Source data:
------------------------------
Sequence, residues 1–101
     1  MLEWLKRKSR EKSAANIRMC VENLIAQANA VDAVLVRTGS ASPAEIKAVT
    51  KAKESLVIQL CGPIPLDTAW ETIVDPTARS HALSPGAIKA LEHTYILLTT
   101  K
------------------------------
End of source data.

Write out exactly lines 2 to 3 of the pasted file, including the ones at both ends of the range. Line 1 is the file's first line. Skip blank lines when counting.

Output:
     1  MLEWLKRKSR EKSAANIRMC VENLIAQANA VDAVLVRTGS ASPAEIKAVT
    51  KAKESLVIQL CGPIPLDTAW ETIVDPTARS HALSPGAIKA LEHTYILLTT